Many new homeschoolers wonder how best to set up their at-home learning space. The possibilities can seem overwhelming. Here are some tips as you envision and establish a practical spot in your home where homeschooling can be comfortable and productive.
Keep an open mind. Your homeschooling area doesn’t need to look like a classroom! You will need a work area with a flat surface, comfortable seating, good lighting, and space for storage. Ideally it should be located near wherever the parent or home teacher will be so that they can be available for questions when they are not directly involved in the student’s work. In larger homes, there might be an entire room dedicated to homeschooling. In a smaller home or apartment, the homeschooling space might be a tabletop in the kitchen or dining room.
If possible, dedicate a table or large desk where work can be spread out, left undisturbed, and returned to as needed. If the work surface must meet more than one family need, consider using a table that is only used occasionally or for just one other purpose. With a shared surface, make it a priority to always keep it clean and uncluttered, and develop a family habit to clean up thoroughly between uses.
Make sure your workspace is comfortable. Choose a chair that you don’t mind sitting in for a long period of time. Uncomfortable seats make for fidgety students – and parents! Make sure you have enough space and comfortable seating for each student as well as the adult(s) who will be helping them. Consider seating for additional collaborators, too.
Your home learning space will need good lighting. Can you position it near a window? Natural lighting is ideal, supplemented with general lighting and focused task lighting. If your homeschool work surface doubles as a dining table, consider bringing a desk lamp to the table for homeschool use and moving it off the table and out of the way at mealtime.
Locate shelves and organizational units nearby so that materials can be kept easily at hand. You’ll want some combination of shelves, drawers, and other storage options to keep supplies organized. You will also need a place to store curriculum, reference books, and library books. An inbox and outbox or a set of dividers can be helpful for sorting work in progress. Lesson books, desk supplies, art supplies, science tools, math manipulatives, and other materials also need storage space.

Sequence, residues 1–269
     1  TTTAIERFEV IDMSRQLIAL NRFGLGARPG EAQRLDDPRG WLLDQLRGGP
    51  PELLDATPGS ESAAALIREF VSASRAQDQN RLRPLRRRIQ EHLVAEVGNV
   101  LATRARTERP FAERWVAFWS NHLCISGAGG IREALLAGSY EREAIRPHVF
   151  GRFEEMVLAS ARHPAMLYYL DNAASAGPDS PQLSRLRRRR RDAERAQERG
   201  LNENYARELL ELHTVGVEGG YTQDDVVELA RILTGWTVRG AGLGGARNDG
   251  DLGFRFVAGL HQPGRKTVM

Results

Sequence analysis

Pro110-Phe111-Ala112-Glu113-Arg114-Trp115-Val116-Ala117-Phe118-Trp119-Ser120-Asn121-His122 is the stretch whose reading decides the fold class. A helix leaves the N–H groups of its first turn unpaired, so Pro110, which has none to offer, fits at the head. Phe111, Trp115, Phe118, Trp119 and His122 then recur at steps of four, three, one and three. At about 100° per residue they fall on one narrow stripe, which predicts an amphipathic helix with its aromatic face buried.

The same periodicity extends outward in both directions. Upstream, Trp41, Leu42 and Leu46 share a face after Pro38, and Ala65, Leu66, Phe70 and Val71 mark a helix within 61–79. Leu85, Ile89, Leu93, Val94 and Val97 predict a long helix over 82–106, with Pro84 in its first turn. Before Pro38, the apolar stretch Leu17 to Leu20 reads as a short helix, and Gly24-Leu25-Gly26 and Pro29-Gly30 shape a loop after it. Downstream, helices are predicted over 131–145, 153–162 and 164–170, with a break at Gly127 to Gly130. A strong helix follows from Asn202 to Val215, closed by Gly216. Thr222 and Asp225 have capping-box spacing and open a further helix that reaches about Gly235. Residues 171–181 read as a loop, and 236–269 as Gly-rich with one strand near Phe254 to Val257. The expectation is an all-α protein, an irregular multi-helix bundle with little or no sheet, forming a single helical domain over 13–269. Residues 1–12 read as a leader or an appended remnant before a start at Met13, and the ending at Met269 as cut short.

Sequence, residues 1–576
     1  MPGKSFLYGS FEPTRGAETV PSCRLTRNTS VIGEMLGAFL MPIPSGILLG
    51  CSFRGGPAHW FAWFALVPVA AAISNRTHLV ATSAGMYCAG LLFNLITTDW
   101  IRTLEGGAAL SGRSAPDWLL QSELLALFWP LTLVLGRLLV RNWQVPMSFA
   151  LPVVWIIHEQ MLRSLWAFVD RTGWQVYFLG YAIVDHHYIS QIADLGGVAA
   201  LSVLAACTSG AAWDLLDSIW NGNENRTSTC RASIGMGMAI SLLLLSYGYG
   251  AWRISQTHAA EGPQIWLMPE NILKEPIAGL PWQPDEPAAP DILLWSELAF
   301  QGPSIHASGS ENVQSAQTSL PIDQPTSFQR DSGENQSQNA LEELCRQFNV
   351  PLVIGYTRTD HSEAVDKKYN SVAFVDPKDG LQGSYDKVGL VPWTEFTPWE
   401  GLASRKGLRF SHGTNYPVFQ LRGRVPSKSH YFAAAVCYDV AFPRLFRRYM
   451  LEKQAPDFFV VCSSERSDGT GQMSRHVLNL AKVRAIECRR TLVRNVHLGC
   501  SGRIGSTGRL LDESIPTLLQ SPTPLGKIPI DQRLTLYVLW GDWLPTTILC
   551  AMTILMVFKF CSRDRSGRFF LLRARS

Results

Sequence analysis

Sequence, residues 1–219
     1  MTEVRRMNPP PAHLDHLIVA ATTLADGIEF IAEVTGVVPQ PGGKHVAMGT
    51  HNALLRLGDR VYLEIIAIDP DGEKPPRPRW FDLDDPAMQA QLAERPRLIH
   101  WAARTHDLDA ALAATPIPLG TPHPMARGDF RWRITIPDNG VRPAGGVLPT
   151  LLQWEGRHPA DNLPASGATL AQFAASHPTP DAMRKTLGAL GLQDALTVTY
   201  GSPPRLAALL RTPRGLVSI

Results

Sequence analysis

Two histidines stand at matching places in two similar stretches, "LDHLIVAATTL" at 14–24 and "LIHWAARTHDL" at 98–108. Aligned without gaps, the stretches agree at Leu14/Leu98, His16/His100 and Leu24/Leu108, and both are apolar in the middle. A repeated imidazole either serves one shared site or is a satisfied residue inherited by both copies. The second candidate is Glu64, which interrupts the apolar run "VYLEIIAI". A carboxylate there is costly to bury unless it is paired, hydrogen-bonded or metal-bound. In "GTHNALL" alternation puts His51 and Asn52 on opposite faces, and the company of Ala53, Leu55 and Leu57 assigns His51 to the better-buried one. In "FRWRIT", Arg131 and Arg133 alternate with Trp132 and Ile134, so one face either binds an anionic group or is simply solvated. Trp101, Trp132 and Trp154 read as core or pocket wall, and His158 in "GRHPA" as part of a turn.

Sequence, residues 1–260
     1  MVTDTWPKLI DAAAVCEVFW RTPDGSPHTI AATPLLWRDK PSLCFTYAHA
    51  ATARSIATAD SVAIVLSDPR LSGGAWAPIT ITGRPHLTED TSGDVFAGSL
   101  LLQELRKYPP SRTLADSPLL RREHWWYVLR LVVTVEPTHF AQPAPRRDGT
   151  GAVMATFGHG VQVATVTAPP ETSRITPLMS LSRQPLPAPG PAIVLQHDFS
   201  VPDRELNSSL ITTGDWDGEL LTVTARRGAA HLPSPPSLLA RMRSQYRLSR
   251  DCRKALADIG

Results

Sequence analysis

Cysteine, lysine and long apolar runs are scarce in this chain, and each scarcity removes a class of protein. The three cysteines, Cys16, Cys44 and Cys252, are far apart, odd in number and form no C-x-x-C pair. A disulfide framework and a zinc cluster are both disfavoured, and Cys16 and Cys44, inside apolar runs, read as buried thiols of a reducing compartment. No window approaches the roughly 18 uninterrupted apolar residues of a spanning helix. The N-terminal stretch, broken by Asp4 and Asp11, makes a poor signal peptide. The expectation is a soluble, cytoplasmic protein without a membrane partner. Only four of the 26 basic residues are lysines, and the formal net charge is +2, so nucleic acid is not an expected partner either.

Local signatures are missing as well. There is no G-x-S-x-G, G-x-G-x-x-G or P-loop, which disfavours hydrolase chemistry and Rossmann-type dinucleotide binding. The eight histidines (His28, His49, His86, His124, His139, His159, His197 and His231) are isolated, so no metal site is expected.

If there are small children or younger siblings in the home, try locking storage tubs and/or high shelves for anything that is not safe for little fingers. Label everything! (Use symbols or pictures for those who aren’t fluent readers.) Lower shelves can be stocked with “help yourself” materials that can be used by all ages without supervision.
Place a trash container and a recycling bin near the workspace to simplify cleanup. A washable plastic tablecloth can be helpful in quickly transforming an academic workspace into an arts-and-crafts space and back again. If budget allows, a prep sink can be a helpful addition for messy experiments and art cleanup.
A single centrally located work space will be enough to meet the needs of most younger homeschoolers. Older students will need an area that is quiet and free from distractions. In families with siblings, this might be need to be a separate space where students can go to study and work on projects that do not require adult support.